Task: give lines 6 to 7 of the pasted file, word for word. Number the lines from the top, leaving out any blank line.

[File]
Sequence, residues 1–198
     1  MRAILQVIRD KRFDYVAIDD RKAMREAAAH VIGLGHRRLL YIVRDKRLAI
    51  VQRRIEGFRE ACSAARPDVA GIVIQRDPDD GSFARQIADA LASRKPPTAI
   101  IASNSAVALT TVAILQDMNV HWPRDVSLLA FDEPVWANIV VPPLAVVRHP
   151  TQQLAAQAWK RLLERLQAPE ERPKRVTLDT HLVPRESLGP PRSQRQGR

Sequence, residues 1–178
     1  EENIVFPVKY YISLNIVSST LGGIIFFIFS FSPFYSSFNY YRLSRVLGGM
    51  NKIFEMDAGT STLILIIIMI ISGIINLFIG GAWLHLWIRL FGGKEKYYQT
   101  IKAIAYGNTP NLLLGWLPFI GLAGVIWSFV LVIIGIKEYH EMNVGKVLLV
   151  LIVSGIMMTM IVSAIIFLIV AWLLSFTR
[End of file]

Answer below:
Sequence, residues 1–178
     1  EENIVFPVKY YISLNIVSST LGGIIFFIFS FSPFYSSFNY YRLSRVLGGM